A study of 220 cases of parotid gland fine-needle aspiration (FNA) with histological follow-up was conducted to compare relative accuracies of both fine-needle aspiration (FNA) and frozen section. Frozen section was performed in 57 of these cases. Sensitivity, specificity, and accuracy for fine-needle aspiration (FNA) when diagnostic were 86%, 92%, and 90%, respectively. Frozen section was able to change 4 malignant diagnoses by fine-needle aspiration (FNA) to benign and provide diagnosis for 5 of the 12 nondiagnostic fine-needle aspirations (FNAs). The sensitivity, specificity, and accuracy of frozen section were 77%, 100%, and 88%.

The authors conclude that fine-needle aspiration (FNA) and frozen section have similar accuracies. Fine-needle aspiration (FNA) is more sensitive, and frozen section is more specific; therefore, both techniques are complementary to each other in the diagnosis of salivary gland lesions.[3]

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Advantages of Fine-Needle Aspiration

Fine-needle aspiration (FNA) enables high accuracy in identifying the nature of a lesion and can provide the following information:

  • Differentiation of inflammatory from neoplastic disease: This is especially important in patients who are immunosuppressed.
  • Culture for suspected infectious masses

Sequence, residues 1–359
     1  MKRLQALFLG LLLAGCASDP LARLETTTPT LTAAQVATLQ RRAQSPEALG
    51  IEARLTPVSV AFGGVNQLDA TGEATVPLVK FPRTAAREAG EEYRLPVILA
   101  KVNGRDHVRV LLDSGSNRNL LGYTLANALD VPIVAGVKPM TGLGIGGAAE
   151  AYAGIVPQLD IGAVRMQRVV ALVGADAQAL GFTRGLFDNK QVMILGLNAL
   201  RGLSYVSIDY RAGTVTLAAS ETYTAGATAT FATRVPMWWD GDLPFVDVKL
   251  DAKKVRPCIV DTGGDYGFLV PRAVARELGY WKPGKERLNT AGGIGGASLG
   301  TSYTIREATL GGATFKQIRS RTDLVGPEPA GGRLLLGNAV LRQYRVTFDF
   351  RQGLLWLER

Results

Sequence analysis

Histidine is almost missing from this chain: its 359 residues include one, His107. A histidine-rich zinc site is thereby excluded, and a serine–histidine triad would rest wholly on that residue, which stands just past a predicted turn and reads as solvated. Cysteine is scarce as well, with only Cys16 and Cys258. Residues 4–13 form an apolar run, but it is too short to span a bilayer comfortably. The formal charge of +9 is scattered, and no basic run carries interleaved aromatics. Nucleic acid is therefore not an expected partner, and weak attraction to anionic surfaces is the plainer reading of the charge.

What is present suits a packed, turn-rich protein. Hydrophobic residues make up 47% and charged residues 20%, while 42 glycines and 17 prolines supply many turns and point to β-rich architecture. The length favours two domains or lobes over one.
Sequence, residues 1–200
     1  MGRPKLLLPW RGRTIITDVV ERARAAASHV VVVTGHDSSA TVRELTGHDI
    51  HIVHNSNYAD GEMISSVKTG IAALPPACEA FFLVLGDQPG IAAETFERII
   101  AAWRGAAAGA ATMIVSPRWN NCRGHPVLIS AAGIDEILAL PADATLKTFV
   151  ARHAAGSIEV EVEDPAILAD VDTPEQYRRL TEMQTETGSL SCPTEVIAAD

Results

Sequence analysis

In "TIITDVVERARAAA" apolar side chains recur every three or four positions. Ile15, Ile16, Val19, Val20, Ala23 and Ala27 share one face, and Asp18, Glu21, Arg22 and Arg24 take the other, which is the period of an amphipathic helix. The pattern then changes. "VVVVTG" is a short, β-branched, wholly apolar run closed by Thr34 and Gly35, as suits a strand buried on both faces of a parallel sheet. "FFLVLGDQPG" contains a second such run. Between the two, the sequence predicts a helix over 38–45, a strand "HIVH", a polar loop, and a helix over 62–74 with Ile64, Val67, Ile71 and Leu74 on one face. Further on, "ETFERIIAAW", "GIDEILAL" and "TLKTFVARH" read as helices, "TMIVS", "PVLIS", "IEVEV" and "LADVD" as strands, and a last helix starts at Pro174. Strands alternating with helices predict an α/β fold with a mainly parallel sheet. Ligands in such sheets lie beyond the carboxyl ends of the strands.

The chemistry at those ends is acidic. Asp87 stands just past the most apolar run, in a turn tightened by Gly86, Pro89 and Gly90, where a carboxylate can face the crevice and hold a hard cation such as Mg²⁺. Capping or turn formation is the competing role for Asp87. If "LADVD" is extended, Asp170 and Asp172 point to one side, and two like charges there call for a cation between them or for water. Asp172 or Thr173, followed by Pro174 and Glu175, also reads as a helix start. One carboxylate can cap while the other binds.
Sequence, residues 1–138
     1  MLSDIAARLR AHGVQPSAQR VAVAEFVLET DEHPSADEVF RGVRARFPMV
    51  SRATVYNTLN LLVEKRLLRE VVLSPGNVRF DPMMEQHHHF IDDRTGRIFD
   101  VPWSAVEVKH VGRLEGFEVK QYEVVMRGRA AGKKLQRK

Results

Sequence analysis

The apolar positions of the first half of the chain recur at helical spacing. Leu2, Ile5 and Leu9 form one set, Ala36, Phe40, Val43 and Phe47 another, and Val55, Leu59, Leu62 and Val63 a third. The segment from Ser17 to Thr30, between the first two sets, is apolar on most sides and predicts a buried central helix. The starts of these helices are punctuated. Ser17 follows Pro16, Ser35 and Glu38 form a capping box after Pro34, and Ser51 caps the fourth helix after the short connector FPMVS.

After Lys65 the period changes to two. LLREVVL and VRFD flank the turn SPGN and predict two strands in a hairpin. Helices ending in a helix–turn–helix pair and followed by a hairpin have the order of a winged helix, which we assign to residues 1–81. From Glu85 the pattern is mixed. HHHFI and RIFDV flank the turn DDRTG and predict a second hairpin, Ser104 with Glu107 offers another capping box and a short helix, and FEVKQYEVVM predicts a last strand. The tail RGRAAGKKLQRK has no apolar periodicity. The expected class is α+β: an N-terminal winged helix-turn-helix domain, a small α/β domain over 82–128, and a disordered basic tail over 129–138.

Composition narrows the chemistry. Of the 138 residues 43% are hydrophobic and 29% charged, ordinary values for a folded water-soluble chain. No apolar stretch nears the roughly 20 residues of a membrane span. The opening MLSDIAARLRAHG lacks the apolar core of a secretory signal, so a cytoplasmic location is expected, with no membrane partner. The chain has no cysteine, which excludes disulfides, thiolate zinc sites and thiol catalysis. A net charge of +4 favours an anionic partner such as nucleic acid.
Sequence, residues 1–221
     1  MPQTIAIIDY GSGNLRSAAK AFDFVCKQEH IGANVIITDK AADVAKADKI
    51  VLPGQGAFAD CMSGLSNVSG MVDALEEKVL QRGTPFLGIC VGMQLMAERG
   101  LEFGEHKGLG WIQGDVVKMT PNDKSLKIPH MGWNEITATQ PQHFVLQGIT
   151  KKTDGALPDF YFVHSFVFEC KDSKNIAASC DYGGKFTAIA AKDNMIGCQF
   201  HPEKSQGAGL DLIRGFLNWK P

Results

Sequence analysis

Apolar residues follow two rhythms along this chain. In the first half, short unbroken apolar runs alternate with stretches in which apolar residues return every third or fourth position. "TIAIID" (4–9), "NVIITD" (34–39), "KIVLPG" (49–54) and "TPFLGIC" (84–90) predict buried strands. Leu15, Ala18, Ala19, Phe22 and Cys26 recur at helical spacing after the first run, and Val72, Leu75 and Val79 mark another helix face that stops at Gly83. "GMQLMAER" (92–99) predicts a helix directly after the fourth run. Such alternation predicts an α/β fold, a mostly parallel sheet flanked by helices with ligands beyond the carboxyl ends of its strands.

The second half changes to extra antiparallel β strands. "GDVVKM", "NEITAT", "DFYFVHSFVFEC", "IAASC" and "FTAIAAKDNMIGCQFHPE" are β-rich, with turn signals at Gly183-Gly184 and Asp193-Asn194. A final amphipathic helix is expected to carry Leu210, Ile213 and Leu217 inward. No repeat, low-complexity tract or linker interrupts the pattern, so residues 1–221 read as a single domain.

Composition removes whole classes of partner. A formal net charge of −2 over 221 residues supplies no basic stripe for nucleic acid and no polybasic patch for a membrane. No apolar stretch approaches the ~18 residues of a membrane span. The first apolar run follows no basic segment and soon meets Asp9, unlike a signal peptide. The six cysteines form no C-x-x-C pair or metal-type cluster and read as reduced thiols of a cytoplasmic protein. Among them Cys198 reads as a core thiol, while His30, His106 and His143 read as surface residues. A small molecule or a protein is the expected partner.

• Differentiation of benign from malignant disease
  • Differentiation of the specific tumor cell type
  • Determination of site of origin, ie, whether the tumor has arisen from the parotid or if it is metastatic
  • Squamous cell carcinoma evaluation: Squamous cell carcinoma can be accurately diagnosed, and treatment can be planned based on fine-needle aspiration (FNA) findings. A highly cellular mucoepidermoid carcinoma may appear to be squamous cell carcinoma by fine-needle aspiration (FNA) cytology. This difference is purely academic and does not change the treatment.
  • Malignancy determination: The pathologist is usually able to very accurately render an opinion about the malignant or benign nature of the lesion. This is a great help in promptly guiding treatment, and this is further addressed below.

The use of fine-needle aspiration (FNA) allows for immediate assessment of the lesion in an outpatient setting.

  • In the author's institution, most fine-needle aspirations (FNAs) of the salivary glands are performed in an outpatient setting.
  • Immediate assessment of the material is usually possible within 15 minutes.
  • This initial assessment is helpful in relieving the anxiety of the patient and aids in clinical decision-making.
  • If the initial aspiration is not satisfactory or other studies are needed (eg, flow cytometry, lymphoma), additional aspirations are often necessary. [4]

Clinical implications

The use of fine-needle aspiration (FNA) in working up salivary gland tumors is also cost effective. Two recent studies have shown that the use of fine-needle aspiration (FNA) in salivary gland tumors is cost-effective and diagnostic.[5, 6] Specifically, Layfield et al demonstrated that the routine use of fine-needle aspiration (FNA) in the work-up of salivary gland lesions saves up to $70,000 per 100 patients. At the same time, fine-needle aspiration reduces the operative intervention by 65% in submandibular masses and by 35% in parotid masses.